1c) Gen 4:1-26 s, The seed of Adam through Cain, the unrighteous line;
central axis) Gen 5:1-2, Elohiym created mankind in His own likeness and blessed them;
2c) Gen 5:3-20 sx6, The seed of Adam through Seth, the righteous line;
2b) Gen 5:21-32 sx3, Enoch did walk + Noah a type of Messiah + consequences:
— 2b.1) Gen 5:21-24 s, Enoch walked with Elohiym and did not die;
— 2b.2) Gen 5:25-32 s+s, Noah a type of Messiah who will give rest from the curse;
—- 1a) Gen 5:25-27 s, Methuselah begot Lamech;
—- 1b) Gen 5:28, Lamech lived one hundred and eighty-two years, and had a son;
—- central axis) Gen 5:29, Noah will give us rest because of our work + toil/ of the ground which YHVH has cursed;”
—- 2b) Gen 5:30-31 s, All the days of Lamech were seven hundred and seventy-seven years; and he died;
—- 2a) Gen 5:32, Noah begot Shem, Ham, and Japheth.
2a) Gen 6:1-8 p, YHVH’s grief in the wickedness of His creation;
— 2a.1) Gen 6:1-4 p, Spirit of Elohiym shall not strive with flesh forever:
—- 1a) Gen 6:1, Daughters of men born;
—- 1b) Gen 6:2, Sons of Elohiym took them for wives;
—- central axis) Gen 6:3, “My Spirit shall not strive with man forever, because he is also flesh; nevertheless his days shall be one hundred and twenty years;”
—- 2b) Gen 6:4a, Children of the sons of Elohiym;
—- 2a) Gen 6:4b p, That the daughters of men bore to them.
— 2a.2) Gen 6:5-7, Elohiym saw man’s wickedness, and was grieved + destroy what He had made;
— 2a.3) Gen 6:8 p, Noah (“comfort, rest”) found grace in the eyes of YHVH.

Then God said, “Let Us make man in Our image, according to Our likeness; let them have dominion over the fish of the sea, over the birds of the air, and over the cattle, over all[a] the earth and over every creeping thing that creeps on the earth.”

Genesis 1:26-27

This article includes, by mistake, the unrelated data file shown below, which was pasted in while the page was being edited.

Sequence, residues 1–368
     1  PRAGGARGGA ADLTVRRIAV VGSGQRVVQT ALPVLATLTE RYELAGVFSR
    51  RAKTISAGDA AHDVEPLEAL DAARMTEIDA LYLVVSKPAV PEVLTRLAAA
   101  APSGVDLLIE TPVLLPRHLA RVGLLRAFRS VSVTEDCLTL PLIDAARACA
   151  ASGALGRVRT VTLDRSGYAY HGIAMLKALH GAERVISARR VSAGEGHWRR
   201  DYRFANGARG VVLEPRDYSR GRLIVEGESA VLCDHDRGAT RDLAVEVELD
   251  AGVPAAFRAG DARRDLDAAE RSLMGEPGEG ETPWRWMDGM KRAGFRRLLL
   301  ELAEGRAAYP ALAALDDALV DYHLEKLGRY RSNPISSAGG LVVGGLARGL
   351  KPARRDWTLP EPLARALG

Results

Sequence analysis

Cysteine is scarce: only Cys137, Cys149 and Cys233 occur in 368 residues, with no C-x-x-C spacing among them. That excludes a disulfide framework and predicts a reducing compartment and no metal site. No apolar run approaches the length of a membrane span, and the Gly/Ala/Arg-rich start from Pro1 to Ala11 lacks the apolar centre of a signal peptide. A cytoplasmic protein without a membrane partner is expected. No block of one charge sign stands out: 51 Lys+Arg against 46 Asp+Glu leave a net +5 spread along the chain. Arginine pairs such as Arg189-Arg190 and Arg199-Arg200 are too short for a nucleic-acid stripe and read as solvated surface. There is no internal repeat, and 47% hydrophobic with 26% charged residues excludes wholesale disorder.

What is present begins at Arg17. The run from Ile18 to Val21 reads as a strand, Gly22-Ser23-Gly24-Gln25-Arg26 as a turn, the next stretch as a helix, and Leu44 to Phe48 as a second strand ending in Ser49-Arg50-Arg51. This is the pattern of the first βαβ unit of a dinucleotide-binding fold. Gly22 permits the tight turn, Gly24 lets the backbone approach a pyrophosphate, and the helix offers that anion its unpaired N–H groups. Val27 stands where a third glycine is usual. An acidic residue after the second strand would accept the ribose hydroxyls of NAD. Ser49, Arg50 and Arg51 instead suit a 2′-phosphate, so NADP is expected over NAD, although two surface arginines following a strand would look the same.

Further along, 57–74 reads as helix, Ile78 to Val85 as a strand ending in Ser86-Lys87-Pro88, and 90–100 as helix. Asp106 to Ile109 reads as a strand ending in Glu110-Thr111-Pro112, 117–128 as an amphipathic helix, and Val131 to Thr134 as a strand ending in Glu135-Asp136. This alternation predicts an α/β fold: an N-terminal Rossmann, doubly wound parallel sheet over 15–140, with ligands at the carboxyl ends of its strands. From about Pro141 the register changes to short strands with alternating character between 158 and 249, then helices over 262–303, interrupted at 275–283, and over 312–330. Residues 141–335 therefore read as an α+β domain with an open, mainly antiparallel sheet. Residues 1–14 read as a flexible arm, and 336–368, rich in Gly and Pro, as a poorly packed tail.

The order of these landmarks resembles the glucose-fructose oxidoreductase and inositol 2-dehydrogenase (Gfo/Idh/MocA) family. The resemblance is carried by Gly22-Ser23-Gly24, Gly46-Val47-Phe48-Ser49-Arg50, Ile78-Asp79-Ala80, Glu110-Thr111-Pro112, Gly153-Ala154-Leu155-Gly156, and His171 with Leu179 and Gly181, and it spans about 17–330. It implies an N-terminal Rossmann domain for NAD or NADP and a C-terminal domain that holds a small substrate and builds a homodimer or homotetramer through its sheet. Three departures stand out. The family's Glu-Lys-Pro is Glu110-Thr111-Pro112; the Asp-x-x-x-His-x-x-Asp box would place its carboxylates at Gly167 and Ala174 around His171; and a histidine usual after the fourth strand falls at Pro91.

The central axis of bereisheet brings out two amazing realities about Elohiym our Creator.

The first is the fact that Elohiym as our Creator, is properly our Father. The most basic meaning of “father” is the one who procreates offspring. Gen 5:1-3 tells us that Adam begot a son (became a father) in his own likeness and image, just as Elohiym created mankind in His own likeness.

The second is the fact of Elohiym‘s blessing upon us, not mankind’s failure or sin, or the curse, work, or painful toil we earned for ourselves. It is the enemy who attempts to focus our attention on our failures. He is the accuser of the brethren. The focus of God is His blessing upon us. He is our Father, which means, our encourager and upholder, the uplifter of our head (in both Hebrew ab and Greek pater, along with the sense of nourisher and protector).

The word of God encourages us to think on whatsoever is good, lovely, of good report. Our Father obeys His own Word, and thinks on whatsoever is good, lovely, and of good report about us.

Case in point: I am constantly reminded every time I read bereisheet, that God established rest (shabbat) as a gift of grace from the consequence of work and painful toil that we earned for ourselves, even before man fell. He is ever seeking that which blesses us for our benefit, just as any good Father does. Isn’t it interesting that Sabbath rest on the seventh day, is the matching pair for Noah (“comfort, rest”), the type of Messiah? Messiah is our shabbat.

Previous studies in bereisheet.